Boneless, skinless, chicken thighs is the meat of choice when it comes to chicken. Not only are the thighs more flavorful than chicken breast, they cook more evenly in this recipe.

However, I do recommend trimming the fat from the chicken thighs before adding the chunks to the recipe.

3. Creole Seasoning

Because we are making a classic New Orleans Creole Jambalaya, the seasoning of choice is obviously Creole seasoning. However, if you don’t have any creole seasoning at home but have Cajun seasoning, by all means, use that instead.

Yes, I know it won’t be considered a classic recipe, but it will save you money and still taste delicious. Again, I am not here to judge personal choices!

4. Rice

Because we are making this on the stove top, it is important to use long grain white rice and not brown rice in this recipe. That is because the white rice takes less time to cook than the brown rice.

However, you can substitute another type of white rice, including Basmati or Jasmine rice if you prefer because they have a similar cook time.

andouille sausage and chicken thighs
You now have options when it comes to Andouille sausage. I used chicken andouille sausage and chicken thighs for this recipe and it turned out amazing!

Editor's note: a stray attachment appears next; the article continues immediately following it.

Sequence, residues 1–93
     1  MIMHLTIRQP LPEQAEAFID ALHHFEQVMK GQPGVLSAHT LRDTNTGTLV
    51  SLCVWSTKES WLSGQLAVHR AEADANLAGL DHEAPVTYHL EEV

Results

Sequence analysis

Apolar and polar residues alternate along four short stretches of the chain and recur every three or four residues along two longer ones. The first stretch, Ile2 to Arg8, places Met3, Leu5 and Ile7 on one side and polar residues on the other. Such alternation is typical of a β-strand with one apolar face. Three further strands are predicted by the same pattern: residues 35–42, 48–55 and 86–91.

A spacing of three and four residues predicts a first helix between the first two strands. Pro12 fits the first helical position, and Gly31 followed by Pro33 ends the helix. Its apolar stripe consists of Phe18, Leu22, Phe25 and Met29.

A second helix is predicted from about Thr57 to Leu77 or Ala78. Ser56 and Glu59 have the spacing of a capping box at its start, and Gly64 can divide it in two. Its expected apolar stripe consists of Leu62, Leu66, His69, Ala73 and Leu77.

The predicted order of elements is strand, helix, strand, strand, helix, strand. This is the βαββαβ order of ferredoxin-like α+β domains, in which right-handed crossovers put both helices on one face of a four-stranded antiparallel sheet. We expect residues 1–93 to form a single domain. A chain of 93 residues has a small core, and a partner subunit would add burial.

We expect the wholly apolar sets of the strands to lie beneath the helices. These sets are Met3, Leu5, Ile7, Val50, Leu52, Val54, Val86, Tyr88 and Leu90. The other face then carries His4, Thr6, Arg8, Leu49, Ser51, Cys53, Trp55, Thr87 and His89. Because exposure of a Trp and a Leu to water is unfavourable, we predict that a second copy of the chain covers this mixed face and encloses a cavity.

5. Shrimp

You can use fresh or frozen shrimp for this recipe. The important thing to remember is that you need peeled and deveined shrimp before adding it to the pot.

Although you can peel and devein them yourself, this will increase the preparation time. Therefore, I prefer to purchase already peeled and deveined shrimp from either the butcher counter or the frozen seafood section at the grocery store.

Now that I have explained more about the ingredients, it is time to get cooking!


The first step in making New Orleans Jambalaya is to heat a large stock pot over medium-high heat and add the oil. When the oil is hot add the andouille sausage and cook on both sides until browned.

Then remove the sausage pieces from the pot and place in a bowl or on a plate and set aside. Next, add the diced chicken thigh pieces and cook until browned on all sides.

The chicken thighs don’t have to be completely cooked through. However all sides need to be sautéed and brown before removing the pieces to another plate or bowl.

In the same pan that you cooked the andouille sausage and chicken thighs add the diced onions, bell pepper and celery. The bottom of the pan most likely will be coated in browned bits, and this is okay.

As the vegetables begin to cook down, they will release liquid. Use a wooden spatula to scrape the browned bits off the bottom of the pan while the vegetables cook.

soup with bay leaf
After the jambalaya has been cooked, be sure to remove the bay leaf and then stir.

Continue to sauté until the onion is soft and translucent, continuing to stir and deglaze the pot as the vegetables cook. Once the vegetables are tender, add the garlic and cook for 1 minute, or until the garlic is fragrant.

Quickly add the chicken stock, thyme, Creole seasoning, salt, browned chicken, browned sausage, and rice to the pot. Stir the mixture so that the ingredients can blend together.

Next, stir in the diced tomatoes, Worcestershire sauce and bay leaves. Then bring the mixture to a boil, stirring frequently and then reduce the heat to a simmer.

Cover and Simmer